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Issue 4: Chinese Pharmacology




Welcome back to our series on the fundamentals of Traditional Chinese Medicine (TCM). In this issue, we will delve into Chinese pharmacology, a discipline that studies the origins, classifications, preparation methods, and therapeutic applications of Chinese herbal medicine. Chinese pharmacology is a crucial component of TCM, aimed at regulating the body's balance to prevent and treat diseases.

1. Classifications and Characteristics of Chinese Herbs Chinese herbs are derived from a wide range of sources, including plants, animals, and minerals. Based on their properties and effects, Chinese herbs can be classified into the following categories:

  • Plant-Based Herbs: Examples include ginseng, astragalus, and angelica. These herbs are primarily sourced from various parts of plants such as roots, stems, leaves, flowers, and fruits.

  • Animal-Based Herbs: Examples include deer antler, gecko, and seahorse. These herbs are mainly derived from animal organs, skin, bones, and blood.

  • Mineral-Based Herbs: Examples include sulfur, cinnabar, and magnetite. These herbs are sourced from natural minerals.

The properties of Chinese herbs include four natures (cold, hot, warm, cool), five flavors (sour, bitter, sweet, pungent, salty), and meridian tropism (the specific meridians the herbs act upon). These characteristics determine the therapeutic effects and applications of the herbs.

2. Preparation Methods and Formulation Principles The preparation of Chinese herbs involves various methods, including:

  • Processing: Techniques such as frying, roasting, steaming, and boiling are used to enhance the therapeutic effects of the herbs or reduce their toxicity.

  • Decoction: Herbs are boiled in water to extract their active ingredients into a decoction, making it easier to consume.

  • Soaking: Herbs are soaked in liquids like alcohol or vinegar to extract their active components, resulting in medicinal wines or vinegars.

Formulas, known as prescriptions, combine multiple herbs in specific proportions. Common forms include decoctions, powders, and pills. The formulation principles follow the concept of Jun-Chen-Zuo-Shi, where the main herb (Jun) is complemented by supporting herbs (Chen, Zuo, Shi) to achieve the best therapeutic effect.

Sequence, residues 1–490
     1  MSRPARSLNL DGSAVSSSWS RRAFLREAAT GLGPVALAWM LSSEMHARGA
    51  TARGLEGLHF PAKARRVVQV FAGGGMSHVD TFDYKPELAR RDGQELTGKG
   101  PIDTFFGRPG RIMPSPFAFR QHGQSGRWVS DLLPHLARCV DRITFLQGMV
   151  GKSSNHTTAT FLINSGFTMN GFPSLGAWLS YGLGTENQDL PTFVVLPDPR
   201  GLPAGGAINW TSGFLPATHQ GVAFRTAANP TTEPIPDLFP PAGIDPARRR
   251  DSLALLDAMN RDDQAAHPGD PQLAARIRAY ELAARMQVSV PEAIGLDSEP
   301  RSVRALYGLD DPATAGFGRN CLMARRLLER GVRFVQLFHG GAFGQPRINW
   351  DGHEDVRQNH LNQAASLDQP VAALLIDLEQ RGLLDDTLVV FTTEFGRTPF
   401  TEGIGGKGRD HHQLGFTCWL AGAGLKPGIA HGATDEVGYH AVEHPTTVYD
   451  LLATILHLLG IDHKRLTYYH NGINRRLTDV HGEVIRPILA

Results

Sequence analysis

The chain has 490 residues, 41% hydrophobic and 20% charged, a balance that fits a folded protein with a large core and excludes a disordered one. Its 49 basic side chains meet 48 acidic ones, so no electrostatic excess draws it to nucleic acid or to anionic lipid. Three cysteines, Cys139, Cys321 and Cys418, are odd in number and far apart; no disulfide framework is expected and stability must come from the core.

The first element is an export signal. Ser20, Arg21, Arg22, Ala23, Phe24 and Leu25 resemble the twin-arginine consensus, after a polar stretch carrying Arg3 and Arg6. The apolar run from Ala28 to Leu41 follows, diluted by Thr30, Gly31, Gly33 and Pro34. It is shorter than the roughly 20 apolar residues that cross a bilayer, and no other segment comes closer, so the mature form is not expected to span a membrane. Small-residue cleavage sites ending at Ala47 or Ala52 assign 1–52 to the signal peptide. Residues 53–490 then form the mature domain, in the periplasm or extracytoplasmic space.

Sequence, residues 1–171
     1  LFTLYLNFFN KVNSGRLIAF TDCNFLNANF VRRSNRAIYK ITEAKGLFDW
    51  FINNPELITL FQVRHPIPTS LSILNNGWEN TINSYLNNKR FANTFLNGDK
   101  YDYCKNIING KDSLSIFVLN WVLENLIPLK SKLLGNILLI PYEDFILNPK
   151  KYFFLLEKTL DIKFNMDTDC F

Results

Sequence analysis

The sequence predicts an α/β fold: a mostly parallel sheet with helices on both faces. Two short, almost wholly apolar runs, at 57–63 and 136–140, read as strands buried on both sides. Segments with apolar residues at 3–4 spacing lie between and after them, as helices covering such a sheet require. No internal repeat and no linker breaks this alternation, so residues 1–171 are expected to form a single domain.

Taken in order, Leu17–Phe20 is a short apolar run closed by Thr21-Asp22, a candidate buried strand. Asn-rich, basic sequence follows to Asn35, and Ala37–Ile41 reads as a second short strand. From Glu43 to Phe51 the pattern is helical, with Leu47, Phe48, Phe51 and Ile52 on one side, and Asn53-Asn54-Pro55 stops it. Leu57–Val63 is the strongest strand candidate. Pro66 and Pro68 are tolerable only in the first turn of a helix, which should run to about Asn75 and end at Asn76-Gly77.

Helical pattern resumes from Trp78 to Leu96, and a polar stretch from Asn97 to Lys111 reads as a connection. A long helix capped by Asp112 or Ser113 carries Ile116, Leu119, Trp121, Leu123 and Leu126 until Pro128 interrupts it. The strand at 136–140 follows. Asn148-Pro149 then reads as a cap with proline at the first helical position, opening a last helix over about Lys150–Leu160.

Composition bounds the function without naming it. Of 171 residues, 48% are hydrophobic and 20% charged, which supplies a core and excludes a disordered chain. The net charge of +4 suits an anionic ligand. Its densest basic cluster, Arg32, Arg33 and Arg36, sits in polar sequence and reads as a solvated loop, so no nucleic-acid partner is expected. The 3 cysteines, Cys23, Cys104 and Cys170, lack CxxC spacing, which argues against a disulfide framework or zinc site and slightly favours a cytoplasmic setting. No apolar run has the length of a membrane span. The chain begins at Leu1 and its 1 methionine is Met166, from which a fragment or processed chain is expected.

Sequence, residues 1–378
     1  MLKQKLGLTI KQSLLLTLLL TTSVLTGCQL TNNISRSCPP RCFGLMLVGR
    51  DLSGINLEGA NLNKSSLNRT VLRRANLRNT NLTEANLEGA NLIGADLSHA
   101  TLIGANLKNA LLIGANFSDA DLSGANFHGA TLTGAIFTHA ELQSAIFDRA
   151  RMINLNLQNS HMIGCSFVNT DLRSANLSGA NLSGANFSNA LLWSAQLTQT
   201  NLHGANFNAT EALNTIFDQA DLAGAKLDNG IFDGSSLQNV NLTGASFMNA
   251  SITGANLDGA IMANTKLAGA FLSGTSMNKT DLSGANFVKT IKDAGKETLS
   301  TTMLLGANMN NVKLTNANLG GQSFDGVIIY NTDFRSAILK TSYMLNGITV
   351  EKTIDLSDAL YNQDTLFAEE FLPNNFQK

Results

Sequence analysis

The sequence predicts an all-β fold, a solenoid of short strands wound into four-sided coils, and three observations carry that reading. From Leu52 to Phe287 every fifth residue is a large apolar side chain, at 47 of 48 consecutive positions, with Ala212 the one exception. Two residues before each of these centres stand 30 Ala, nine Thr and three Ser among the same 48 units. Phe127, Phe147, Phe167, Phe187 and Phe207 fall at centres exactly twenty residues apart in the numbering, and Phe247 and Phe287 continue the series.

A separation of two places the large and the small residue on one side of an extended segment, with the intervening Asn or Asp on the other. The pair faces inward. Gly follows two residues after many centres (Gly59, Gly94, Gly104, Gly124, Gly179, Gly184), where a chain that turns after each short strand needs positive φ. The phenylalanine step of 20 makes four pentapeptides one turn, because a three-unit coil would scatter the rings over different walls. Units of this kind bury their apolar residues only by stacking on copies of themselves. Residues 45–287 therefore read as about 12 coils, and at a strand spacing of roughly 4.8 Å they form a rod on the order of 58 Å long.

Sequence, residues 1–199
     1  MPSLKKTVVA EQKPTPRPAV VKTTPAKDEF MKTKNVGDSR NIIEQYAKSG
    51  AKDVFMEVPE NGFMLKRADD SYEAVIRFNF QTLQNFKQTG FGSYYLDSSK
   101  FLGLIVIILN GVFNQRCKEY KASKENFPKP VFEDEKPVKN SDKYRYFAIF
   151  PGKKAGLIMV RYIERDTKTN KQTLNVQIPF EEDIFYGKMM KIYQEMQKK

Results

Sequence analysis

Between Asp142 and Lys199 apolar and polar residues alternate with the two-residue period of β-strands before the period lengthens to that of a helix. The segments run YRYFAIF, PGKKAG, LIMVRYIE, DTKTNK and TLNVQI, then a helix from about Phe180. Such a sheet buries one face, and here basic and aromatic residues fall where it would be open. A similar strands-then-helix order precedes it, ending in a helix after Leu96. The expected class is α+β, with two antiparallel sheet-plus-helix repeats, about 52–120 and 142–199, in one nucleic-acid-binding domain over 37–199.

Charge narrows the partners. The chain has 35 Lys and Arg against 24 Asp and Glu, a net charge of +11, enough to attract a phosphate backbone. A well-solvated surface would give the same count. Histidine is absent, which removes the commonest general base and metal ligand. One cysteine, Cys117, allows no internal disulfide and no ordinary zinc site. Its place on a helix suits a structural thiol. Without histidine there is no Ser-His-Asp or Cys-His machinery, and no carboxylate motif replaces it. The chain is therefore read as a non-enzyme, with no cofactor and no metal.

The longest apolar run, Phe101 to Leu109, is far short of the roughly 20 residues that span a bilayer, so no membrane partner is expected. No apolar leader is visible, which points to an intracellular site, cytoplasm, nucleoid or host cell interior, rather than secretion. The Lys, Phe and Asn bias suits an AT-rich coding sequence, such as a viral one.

3. Modern Applications and Research in Chinese Pharmacology With the advancement of science and technology, the application and research of Chinese herbs in modern medicine have made significant progress:

  • Modern Applications: Chinese herbs are widely used to treat various diseases such as colds, digestive disorders, and cardiovascular diseases. In TCM treatments, Chinese herbs are often combined with acupuncture, massage, and other therapies.

  • Scientific Research: Modern scientific research has uncovered many active ingredients and mechanisms of Chinese herbs, providing a scientific basis for their applications. For instance, ginseng has been proven to enhance immunity and combat fatigue.

Conclusion By understanding the basic knowledge and modern applications of Chinese herbs, we can better comprehend how TCM uses herbs to regulate the body's balance and achieve disease prevention and treatment. In the next issue, we will explore case studies and daily applications of TCM, showcasing the practical applications of TCM theories in everyday life.

We look forward to your continued interest and feedback as we delve deeper into the wisdom of TCM.

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